David Lindsay:: Behaviors similar to what are described here have occurred in Iran, which is turning into a dessert . In a century or two, Brazil might be in Iran’s predicament. US military intelligence predicts that Iran will have 50 million climate change drought refugees in the next 30 to 50 years. Brazil too, could turn itself into a dessert.
SÃO PAULO, Brazil — More than two months have passed since the assassination of Marielle Franco, a human rights defender who was a member of Rio’s City Council. But the killing remains unsolved. The most probable hypothesis, according to Brazil’s public security minister, Raul Jungmann, is that local militias were behind her death.Militias in Brazil are different from paramilitary groups in other countries. Their origins here can be traced back to the 1970s, the days of the military dictatorship, when off-duty police officers formed death squads to execute criminals and political opponents, according to José Cláudio Souza Alves, a sociologist who studies the groups.
“COCHRANE, Chile — An eagle soared over the lone house atop an arid hill in the steppes of Patagonia Park.
In the valley below, not far from the town of Cochrane, President Michelle Bachelet announced the creation of a vast national park system in Chile stretching from Hornopirén, 715 miles south of the capital, Santiago, to Cape Horn, the southern tip of South America, where Chile splinters into fjords and canals.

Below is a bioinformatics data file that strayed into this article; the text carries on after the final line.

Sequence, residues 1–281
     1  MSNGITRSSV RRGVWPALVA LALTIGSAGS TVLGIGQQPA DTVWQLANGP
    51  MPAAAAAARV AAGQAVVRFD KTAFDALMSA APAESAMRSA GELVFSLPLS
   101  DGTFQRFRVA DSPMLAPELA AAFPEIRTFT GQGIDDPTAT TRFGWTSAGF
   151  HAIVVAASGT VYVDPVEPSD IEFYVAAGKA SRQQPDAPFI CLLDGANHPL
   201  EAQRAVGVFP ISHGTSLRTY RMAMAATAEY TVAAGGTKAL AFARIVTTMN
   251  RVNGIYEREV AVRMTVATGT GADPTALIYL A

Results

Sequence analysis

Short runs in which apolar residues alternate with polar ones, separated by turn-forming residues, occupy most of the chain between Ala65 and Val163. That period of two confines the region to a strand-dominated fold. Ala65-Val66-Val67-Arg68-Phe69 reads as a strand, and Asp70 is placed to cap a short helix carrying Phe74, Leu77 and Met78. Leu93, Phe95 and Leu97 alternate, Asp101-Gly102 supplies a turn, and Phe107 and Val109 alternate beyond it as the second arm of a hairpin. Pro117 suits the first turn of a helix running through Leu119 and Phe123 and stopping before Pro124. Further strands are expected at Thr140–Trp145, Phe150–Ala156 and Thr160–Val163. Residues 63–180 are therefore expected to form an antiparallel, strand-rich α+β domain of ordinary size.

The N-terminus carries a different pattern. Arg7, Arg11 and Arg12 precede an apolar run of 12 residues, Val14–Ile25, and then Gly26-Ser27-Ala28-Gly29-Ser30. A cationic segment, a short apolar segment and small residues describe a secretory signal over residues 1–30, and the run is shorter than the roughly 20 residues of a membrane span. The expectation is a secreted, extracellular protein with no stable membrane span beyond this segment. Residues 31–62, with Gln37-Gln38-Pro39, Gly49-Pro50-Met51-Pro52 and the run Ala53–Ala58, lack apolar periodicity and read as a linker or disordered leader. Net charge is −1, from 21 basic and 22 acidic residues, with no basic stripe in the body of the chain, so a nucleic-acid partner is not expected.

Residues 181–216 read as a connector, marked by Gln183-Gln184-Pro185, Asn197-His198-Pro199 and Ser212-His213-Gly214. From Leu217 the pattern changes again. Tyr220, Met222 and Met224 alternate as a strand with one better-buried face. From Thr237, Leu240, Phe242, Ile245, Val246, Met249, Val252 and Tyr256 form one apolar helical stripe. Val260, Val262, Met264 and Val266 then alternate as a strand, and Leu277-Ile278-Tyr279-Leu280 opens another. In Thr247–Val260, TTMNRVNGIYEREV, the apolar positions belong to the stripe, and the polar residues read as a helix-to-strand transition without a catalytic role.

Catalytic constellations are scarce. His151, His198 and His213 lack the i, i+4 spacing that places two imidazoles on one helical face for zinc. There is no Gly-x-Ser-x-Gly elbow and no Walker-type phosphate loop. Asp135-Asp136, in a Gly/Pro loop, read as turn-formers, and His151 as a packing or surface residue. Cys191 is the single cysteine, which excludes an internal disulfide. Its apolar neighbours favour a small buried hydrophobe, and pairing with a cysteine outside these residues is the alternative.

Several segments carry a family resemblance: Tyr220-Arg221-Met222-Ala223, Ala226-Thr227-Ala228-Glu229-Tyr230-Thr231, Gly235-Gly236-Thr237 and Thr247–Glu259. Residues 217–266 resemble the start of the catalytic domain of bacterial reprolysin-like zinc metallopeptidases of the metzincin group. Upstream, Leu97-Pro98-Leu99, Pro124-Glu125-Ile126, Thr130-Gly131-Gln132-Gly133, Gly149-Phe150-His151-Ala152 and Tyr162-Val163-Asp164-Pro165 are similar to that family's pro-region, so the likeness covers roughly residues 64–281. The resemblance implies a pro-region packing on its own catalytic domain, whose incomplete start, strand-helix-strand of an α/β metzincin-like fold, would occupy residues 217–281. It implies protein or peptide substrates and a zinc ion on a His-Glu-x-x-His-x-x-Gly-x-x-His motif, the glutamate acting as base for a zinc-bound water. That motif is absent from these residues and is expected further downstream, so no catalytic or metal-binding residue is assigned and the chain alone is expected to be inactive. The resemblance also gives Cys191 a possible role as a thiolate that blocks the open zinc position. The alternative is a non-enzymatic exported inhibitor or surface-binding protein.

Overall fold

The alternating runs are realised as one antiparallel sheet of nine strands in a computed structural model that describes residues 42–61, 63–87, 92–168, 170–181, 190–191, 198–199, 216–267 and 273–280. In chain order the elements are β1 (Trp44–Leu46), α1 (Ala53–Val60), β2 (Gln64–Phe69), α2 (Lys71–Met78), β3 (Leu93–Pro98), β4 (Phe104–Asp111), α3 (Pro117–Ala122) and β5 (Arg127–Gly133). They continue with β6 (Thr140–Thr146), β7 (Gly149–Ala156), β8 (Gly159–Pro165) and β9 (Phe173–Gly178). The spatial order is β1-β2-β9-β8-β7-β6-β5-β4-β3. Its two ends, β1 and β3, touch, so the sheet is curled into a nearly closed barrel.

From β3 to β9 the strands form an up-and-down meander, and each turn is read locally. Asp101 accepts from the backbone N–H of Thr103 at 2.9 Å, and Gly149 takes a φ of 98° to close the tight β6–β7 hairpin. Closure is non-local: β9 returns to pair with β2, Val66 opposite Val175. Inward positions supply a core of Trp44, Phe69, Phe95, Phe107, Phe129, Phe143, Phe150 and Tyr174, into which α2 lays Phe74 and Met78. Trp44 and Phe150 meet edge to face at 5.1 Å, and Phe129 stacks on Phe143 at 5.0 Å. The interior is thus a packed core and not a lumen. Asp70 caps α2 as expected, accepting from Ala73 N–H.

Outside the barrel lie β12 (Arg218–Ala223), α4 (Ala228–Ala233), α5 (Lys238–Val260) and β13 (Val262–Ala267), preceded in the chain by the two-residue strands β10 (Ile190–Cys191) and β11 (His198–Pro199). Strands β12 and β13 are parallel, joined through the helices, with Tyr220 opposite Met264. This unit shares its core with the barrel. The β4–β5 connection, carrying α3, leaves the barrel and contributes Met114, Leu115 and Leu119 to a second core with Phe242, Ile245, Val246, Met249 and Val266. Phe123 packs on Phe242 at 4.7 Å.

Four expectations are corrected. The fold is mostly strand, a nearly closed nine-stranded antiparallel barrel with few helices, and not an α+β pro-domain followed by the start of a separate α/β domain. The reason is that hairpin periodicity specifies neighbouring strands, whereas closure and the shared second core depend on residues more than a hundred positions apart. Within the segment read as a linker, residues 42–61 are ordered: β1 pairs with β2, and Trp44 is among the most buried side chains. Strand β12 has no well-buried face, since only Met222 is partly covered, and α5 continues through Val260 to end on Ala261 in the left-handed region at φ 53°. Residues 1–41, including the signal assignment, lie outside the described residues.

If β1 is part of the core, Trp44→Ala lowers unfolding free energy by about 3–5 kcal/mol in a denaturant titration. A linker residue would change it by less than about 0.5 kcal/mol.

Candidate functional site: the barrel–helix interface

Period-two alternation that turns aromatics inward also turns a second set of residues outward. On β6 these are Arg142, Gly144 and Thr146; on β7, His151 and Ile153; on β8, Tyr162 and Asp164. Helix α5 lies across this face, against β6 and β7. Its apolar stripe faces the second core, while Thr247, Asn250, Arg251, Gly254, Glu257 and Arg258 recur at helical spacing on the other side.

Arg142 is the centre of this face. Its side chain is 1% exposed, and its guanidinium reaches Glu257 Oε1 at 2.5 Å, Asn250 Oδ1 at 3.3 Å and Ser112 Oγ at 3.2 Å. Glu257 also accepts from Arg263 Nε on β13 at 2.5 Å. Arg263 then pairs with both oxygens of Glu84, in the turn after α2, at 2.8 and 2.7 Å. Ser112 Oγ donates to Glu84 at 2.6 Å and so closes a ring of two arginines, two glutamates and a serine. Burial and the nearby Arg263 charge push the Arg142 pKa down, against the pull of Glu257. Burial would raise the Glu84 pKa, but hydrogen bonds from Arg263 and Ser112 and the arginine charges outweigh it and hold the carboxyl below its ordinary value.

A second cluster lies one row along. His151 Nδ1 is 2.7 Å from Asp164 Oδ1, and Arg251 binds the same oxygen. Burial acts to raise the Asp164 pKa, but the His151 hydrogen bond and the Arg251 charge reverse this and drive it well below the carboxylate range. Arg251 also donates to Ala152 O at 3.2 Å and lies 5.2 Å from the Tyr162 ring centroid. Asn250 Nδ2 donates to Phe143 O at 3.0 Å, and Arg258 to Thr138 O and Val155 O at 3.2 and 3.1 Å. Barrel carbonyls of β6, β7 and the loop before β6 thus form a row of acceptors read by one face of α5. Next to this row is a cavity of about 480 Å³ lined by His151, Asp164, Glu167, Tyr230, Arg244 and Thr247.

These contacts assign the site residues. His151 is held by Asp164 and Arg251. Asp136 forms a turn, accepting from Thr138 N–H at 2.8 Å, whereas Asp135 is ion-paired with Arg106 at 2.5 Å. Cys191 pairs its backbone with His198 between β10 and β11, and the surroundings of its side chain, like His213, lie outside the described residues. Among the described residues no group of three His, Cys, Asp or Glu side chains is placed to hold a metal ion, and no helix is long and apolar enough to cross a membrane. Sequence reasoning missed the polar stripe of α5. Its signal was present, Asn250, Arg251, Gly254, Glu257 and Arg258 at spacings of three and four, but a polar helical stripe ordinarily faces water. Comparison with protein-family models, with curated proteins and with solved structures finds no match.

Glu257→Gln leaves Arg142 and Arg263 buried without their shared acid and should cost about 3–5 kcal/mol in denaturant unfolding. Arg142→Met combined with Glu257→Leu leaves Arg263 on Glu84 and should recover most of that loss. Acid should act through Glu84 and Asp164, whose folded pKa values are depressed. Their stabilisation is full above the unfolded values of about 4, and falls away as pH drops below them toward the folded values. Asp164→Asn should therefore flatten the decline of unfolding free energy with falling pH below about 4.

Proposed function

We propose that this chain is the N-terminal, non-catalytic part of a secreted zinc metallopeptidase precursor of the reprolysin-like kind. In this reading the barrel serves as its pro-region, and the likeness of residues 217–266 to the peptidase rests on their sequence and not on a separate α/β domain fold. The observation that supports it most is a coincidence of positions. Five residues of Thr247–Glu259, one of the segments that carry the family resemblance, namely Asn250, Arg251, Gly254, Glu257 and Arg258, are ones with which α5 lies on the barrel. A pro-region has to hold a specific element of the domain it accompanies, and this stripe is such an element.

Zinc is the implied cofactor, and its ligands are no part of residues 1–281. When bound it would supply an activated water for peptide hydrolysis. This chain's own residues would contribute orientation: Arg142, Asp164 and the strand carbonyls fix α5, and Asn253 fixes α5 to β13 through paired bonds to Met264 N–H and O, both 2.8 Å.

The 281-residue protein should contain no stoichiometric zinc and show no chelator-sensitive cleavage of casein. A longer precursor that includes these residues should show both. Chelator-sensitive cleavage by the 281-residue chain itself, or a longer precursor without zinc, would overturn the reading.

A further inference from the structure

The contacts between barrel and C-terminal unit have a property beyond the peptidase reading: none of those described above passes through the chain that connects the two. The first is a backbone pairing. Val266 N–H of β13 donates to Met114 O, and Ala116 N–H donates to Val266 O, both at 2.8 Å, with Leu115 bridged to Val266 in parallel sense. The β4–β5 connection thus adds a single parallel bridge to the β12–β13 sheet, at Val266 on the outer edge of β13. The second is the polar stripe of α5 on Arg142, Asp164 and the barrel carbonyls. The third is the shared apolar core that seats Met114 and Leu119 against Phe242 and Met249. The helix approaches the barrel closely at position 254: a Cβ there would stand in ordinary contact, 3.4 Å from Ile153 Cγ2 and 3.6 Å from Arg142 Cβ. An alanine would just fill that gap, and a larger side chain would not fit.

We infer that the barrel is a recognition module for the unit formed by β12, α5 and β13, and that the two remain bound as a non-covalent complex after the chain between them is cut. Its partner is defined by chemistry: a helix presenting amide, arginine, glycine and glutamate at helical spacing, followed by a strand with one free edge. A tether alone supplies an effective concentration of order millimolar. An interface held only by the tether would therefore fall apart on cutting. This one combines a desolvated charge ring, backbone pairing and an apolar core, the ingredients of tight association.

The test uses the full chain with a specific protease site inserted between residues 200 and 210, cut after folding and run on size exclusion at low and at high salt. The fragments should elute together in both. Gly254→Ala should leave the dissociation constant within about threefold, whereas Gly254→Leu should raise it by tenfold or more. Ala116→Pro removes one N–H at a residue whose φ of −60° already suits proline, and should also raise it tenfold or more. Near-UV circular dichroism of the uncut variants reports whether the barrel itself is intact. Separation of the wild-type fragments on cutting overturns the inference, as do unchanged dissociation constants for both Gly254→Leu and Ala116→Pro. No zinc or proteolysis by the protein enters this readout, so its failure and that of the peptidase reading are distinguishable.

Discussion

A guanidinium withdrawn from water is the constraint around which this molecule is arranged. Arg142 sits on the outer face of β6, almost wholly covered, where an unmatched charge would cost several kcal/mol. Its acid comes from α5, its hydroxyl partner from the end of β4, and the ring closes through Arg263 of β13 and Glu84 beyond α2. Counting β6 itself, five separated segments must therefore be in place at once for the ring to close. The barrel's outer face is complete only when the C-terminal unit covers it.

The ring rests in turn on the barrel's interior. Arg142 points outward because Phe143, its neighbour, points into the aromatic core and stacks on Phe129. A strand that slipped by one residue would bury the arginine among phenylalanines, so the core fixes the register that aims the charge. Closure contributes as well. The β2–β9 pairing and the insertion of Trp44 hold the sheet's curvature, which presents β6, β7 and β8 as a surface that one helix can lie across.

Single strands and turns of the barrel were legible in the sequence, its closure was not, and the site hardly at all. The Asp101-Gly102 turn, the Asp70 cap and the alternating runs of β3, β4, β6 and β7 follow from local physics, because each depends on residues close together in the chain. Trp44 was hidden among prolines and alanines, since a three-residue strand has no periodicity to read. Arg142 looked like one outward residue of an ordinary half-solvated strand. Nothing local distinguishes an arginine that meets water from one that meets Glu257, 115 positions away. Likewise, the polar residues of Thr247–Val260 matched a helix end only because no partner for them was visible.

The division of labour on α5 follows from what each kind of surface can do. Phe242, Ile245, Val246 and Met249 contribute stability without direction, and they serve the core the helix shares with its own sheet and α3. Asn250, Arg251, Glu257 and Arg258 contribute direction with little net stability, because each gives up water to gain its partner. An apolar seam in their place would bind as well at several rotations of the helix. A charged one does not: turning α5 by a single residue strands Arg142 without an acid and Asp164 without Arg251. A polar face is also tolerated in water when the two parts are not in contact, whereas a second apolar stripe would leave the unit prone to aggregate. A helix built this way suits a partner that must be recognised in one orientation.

The park is the brainchild of Kristine McDivitt Tompkins and her husband, Douglas Tompkins, who founded The North Face and Esprit clothing companies, and starting in 1991, put $345 million — much of his fortune — buying large swaths of Patagonia.”
“SÃO PAULO, BRAZIL — On April 30, a group of ranchers armed with rifles and machetes attacked a settlement of about 400 families from the Gamela tribe, in the state of Maranhão, in northeastern Brazil. According to the Indigenous Missionary Council, an advocacy group, 22 Indians were wounded, including three children. Many were shot in the back or had their wrists chopped.
Soon after the attack, the Ministry of Justice announced on its website that it would investigate “the incident between small farmers and alleged indigenous people.” (Minutes later, the word “alleged” was removed.)”
“BARBA BLANCA, Peru — A sheet of mud covers the village. Lampposts are bent sideways. Rooftops sit blocks from their homes. The nave of the village church is filled with sludge.
A catastrophic mudslide essentially erased Barba Blanca from the map last month. Yet somehow all 150 people who lived here in this Peruvian village managed to escape.
“A miracle,” said Diego Blanco, a 27-year-old construction worker, looking out from a hillside perch onto the ruined homes of his family members.
Large parts of South America have been pummeled for weeks by torrential rains that are wreaking havoc throughout the western region of the continent. Floods and destructive mudslides in Peru, Ecuador and Colombia have killed hundreds and displaced thousands more.”
“A decade after the “Save the Rainforest” movement forced changes that dramatically slowed deforestation across the Amazon basin, activity is roaring back in some of the biggest expanses of forests in the world. That resurgence, driven by the world’s growing appetite for soy and other agricultural crops, is raising the specter of a backward slide in efforts to preserve biodiversity and fight climate change.
In the Brazilian Amazon, the world’s largest rain forest, deforestation rose in 2015 for the first time in nearly a decade, to nearly two million acres from August 2015 to July 2016. That is a jump from about 1.5 million acres a year earlier and just over 1.2 million acres the year before that, according to estimates by Brazil’s National Institute for Space Research.
Here across the border in Bolivia, where there are fewer restrictions on land clearance, deforestation appears to be accelerating as well.”